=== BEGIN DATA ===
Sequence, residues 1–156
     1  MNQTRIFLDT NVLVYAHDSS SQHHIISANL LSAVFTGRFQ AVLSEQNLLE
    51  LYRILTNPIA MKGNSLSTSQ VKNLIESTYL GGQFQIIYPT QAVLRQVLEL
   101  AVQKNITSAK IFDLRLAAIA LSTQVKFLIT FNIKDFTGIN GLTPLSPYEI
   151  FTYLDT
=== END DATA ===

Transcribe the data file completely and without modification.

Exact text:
Sequence, residues 1–156
     1  MNQTRIFLDT NVLVYAHDSS SQHHIISANL LSAVFTGRFQ AVLSEQNLLE
    51  LYRILTNPIA MKGNSLSTSQ VKNLIESTYL GGQFQIIYPT QAVLRQVLEL
   101  AVQKNITSAK IFDLRLAAIA LSTQVKFLIT FNIKDFTGIN GLTPLSPYEI
   151  FTYLDT